As you are bouncing your business ideas off of potential clients and suppliers, it is easy to end up only hearing positive feedback. Even potential customers might not want to hurt your feelings and not give you their honest opinion. This is where it is important to find those with a negative opinion of your idea and get them to shoot holes in it. It is better to start a business with your eyes wide open to the potential pit-falls that you haven’t considered.

  3. Research industry and market trends

    When you are starting a new business, it is also important to research the broader market to ensure your business is sustainable in the long-term. Pay particular attention to any economic, social and industrial trends or changes that could impact on your business’s future.

    Questions that will need to be considered include:

    • Has technology impacted consumer buyer preferences? (the Amazon effect)
    • Are total market sales increasing or decreasing?
    • Are there other national or regional competitors that may enter the market?

    The US Census Bureau has a substantial amount of information, including and beyond population characteristics such as age, income levels, and industry specific information. American FactFinder is a tool that makes it simpler to extract data from the census bureau’s databases.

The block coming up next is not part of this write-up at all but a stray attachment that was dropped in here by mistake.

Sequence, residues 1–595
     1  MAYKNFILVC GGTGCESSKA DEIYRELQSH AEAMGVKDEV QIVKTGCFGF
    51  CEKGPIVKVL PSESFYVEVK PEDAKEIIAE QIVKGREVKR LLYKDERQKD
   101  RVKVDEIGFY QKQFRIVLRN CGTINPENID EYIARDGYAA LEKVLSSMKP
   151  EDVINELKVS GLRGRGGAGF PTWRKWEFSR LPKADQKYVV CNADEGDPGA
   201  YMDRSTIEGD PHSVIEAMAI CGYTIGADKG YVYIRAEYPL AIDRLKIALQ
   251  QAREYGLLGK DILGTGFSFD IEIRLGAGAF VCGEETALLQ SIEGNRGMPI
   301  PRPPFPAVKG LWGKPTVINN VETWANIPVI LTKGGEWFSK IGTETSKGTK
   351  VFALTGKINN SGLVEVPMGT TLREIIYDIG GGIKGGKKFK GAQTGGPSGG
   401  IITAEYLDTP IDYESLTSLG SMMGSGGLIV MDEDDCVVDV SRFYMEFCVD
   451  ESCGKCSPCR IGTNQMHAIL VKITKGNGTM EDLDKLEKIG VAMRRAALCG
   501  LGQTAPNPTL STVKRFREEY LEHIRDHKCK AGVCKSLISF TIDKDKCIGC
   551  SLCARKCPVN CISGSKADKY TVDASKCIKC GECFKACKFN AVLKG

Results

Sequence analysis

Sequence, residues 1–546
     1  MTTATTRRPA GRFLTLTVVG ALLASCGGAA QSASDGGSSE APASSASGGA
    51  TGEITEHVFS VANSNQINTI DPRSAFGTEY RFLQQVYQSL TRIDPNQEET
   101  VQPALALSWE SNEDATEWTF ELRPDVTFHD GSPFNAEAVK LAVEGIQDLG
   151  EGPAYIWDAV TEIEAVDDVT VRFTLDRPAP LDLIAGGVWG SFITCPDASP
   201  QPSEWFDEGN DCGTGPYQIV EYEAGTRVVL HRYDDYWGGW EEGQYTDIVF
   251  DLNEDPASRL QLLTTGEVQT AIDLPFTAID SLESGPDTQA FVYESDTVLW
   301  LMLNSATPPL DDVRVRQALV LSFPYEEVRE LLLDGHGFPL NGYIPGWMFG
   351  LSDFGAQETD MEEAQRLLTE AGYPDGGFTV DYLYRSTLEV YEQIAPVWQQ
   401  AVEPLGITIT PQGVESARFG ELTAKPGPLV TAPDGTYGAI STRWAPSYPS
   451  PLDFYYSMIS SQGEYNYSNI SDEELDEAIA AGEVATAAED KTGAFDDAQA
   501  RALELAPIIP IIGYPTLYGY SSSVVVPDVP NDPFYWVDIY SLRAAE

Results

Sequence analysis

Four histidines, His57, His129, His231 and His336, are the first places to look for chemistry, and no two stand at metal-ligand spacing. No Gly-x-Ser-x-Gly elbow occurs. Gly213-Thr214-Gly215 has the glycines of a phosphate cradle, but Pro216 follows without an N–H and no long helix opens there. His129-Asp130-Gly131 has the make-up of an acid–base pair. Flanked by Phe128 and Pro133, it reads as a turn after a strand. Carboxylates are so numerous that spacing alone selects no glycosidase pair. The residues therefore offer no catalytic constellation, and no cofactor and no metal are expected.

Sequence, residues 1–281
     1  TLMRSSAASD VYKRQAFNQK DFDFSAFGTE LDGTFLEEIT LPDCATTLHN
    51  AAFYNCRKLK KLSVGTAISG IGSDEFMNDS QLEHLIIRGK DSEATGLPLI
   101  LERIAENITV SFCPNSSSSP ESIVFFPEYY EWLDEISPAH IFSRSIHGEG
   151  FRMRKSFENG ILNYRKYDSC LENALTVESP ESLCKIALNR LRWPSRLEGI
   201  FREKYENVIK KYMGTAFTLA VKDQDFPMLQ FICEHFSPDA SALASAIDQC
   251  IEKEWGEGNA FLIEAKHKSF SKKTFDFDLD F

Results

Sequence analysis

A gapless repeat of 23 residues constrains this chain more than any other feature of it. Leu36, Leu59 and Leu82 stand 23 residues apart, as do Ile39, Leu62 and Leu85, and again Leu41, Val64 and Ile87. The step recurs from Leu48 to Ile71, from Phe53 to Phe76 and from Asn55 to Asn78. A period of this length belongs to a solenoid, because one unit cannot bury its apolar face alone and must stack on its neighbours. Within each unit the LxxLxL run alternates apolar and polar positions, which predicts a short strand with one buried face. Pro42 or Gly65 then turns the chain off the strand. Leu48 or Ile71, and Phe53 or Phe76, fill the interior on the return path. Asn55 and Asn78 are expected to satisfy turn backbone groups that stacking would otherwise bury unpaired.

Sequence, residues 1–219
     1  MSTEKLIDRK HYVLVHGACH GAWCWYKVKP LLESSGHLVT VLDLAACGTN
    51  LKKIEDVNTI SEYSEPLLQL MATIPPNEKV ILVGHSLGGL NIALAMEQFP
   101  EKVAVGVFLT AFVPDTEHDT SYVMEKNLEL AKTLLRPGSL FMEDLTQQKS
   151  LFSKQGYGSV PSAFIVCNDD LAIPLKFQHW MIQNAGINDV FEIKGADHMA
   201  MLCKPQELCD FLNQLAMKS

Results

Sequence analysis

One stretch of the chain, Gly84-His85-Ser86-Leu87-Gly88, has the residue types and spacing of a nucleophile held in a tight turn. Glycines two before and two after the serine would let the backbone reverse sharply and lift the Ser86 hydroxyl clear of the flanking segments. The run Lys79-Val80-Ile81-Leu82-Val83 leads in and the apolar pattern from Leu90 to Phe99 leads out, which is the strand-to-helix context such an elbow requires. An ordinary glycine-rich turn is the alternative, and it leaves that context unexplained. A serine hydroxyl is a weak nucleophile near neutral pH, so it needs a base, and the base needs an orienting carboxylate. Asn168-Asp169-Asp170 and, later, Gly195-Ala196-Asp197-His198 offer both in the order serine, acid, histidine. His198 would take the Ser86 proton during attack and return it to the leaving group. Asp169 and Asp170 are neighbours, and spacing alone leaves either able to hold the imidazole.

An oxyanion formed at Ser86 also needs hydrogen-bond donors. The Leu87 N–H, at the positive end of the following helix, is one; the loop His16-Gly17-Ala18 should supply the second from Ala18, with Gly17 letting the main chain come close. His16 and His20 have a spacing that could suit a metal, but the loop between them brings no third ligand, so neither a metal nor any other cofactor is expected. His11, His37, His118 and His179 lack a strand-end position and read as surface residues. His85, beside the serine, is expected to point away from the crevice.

Additional sources of information on industry trends, opportunities, and threats can be found in the following sources:

    • Industry and trade publications (many will be online)
    • Reading local and online news sites for possible market changes
    • White papers available online from consultants and industry experts

    These online sources are very good at keeping you informed about industry trends and possible solutions to those threats.

  4. Analyze your competitors

    Researching your competitors is vital in determining if a market exists for your new business. These are the businesses that offer a comparable product or service to yours and you will be competing against them.

    You will need to know the following on each competitor:

    • What do your competitors offer, and how much do they charge?
    • Do they use a unique selling proposition, and how do they market their products or services?
    • What do they do well?